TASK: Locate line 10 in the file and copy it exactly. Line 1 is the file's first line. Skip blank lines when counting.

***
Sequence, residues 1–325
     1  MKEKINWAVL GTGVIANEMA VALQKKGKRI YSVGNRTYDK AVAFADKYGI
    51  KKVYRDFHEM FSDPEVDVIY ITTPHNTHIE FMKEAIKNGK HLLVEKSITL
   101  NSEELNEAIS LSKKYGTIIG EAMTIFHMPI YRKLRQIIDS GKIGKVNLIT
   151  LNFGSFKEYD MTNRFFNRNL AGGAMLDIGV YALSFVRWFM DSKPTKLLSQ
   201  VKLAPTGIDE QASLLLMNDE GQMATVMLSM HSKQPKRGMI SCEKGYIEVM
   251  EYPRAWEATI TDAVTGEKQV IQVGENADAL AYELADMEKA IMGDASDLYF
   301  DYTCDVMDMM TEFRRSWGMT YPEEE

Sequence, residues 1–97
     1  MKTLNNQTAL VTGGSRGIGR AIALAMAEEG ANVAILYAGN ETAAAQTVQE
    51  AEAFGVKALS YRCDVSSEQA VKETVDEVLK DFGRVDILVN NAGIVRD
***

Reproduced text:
     1  MKTLNNQTAL VTGGSRGIGR AIALAMAEEG ANVAILYAGN ETAAAQTVQE